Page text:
Neurodevelopmental Model

3962 words - 16 pages more in a bottom-up structure. She also suggests that if impairments in infancy or early childhood occur then the higher levels of the brain are greatly influenced by the input from the lower levels from an early age (Perry, 2006). In today’s modern society, advancements in molecular genetics and neuroimaging have influenced and accelerated sophisticated research into neurobiology, developmental disorders and neuroscience as claimed by Bear

Amnesia Parallels

977 words - 4 pages Affairs Medical Center, San Diego. Doctor Squire’s primary research focus is the structure and organization of mammalian memory at the level of neural systems and cognition. Works Cited Squire, L. R., & Spanis, C. W. (1984). Long gradient of retrograde amnesia in mice: Continuity with the findings in humans. Behavioral Neuroscience, 98(2), 345-348, Retrieved from

Individual Differences In Visual Perception

1788 words - 8 pages . Farah, M.J. (1984). The neurological basis of mental imagery: A componential analysis. Cognition, 18, 245-272. Ganis, G., Thompson, W.L., & Kosslyn, S.M. (2004). Brain areas underlying visual mental imagery and visual perception: an fMRI study. Cognitive Brain Research, 20, 226-241. Gruter, T., Gruter, M., Bell, V., & Carbon, C. (2009). Visual mental imagery in congenital prosopagnosia. Neuroscience letters, 453, 135-140. Kluckhohn, C


1580 words - 7 pages schizophrenic patients. European Archives Psychiatry Clinical Neuroscience, 246, 249-255. Alexander, F. (1984). The medical value of psychoanalysis. New York: International Universities Press. Andreasen, N. C., Arndt, S., Alliger, R., Miller, D., & Flaum, M. (1995). Symptoms of schizophrenia. Archives General Psychiatry, 52, 341-351. *Apiquian, R., Fresan, A., Herrera, K., Ulloa, R.E., & Loyzaga, C. et al (2003). Minimum effective doses of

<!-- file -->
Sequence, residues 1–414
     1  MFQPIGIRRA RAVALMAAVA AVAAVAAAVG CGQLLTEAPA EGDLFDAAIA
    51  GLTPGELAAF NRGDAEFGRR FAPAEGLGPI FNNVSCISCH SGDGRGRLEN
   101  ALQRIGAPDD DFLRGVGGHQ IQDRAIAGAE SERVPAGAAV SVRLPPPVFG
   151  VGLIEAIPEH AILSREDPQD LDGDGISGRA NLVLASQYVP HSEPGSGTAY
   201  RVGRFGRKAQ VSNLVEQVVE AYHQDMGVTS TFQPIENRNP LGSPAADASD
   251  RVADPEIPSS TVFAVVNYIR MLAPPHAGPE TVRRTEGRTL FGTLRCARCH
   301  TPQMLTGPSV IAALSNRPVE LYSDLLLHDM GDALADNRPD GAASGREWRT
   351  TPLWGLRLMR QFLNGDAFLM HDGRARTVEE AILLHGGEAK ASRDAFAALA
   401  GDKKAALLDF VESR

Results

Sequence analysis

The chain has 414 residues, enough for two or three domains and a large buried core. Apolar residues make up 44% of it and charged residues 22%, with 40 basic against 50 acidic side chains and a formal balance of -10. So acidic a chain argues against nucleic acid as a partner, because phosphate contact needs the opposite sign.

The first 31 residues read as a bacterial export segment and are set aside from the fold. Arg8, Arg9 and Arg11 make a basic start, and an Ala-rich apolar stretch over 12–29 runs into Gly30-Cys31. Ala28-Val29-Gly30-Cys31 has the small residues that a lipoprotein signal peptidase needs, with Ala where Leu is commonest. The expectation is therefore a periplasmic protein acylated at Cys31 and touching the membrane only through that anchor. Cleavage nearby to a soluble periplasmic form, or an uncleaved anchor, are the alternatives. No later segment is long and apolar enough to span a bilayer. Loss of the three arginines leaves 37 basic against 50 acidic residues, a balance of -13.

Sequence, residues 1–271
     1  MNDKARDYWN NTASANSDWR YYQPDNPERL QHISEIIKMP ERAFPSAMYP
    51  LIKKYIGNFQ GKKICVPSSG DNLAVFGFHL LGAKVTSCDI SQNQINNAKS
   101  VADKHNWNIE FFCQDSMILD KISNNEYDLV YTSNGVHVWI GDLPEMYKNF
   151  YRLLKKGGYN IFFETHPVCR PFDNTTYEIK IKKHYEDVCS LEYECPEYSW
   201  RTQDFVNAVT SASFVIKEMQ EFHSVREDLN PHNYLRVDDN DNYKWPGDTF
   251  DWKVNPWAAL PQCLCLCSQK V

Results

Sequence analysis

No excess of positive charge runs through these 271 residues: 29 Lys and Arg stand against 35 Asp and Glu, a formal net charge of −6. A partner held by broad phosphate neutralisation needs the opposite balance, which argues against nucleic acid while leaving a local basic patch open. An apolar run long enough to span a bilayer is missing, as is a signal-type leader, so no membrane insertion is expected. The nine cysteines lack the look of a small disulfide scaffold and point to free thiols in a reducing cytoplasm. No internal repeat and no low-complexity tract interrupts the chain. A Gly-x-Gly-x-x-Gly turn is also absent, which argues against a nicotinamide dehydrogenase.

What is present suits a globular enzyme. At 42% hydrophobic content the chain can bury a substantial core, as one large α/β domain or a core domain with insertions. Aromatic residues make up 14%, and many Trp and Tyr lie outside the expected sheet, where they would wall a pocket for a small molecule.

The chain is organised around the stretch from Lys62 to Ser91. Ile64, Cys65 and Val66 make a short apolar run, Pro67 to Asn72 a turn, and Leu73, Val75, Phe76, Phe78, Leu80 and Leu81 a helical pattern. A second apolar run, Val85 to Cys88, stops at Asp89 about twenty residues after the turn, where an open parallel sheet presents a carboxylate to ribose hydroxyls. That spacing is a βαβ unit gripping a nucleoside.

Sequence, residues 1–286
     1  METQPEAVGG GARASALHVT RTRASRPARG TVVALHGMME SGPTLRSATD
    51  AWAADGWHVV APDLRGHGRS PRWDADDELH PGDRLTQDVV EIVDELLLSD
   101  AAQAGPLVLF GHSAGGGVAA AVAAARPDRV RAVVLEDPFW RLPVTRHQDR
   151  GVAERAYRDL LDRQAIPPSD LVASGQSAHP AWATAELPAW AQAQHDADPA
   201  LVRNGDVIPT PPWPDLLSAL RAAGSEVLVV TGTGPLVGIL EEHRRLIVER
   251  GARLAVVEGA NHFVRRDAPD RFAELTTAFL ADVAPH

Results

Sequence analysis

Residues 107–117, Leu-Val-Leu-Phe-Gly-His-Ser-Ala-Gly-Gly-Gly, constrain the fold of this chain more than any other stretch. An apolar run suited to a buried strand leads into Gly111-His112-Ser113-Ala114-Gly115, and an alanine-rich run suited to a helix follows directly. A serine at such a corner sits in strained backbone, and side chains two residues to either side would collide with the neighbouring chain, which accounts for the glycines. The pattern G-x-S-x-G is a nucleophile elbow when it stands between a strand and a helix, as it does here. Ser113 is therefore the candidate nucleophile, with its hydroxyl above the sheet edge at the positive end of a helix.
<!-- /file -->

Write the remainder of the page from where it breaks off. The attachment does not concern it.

Apa Sample

1561 words - 7 pages EFFECTS OF AGE ON DETECTION OF EMOTION 17 References Anderson, A. K. (2005). Affective influences on the attentional dynamics supporting awareness. Journal of Experimental Psychology: General, 154, 258–281. doi:10.1037/00963445.134.2.258 Anderson, A. K., Christoff, K., Panitz, D., De Rosa, E., & Gabrieli, J. D. E. (2003). Neural correlates of the automatic processing of threat facial signals. Journal of Neuroscience, 23, 5627–5633. Armony

Awesome Paper

1549 words - 7 pages between emotion and attention: a review of evidence from psychology and neuroscience. Behavioral and Cognitive Neuroscience Reviews, 2, 115­129. Cunningham, M., Roberts, A., Barbee, A., Druen, P., & Wu, C. (1995). “Their ideas of beauty are, on the whole, the same as ours”: consistency and variability in the cross-cultural perception of female physical attractiveness. Journal of Personality and Social Psychology, 68, 261–279. DeBruine, L. M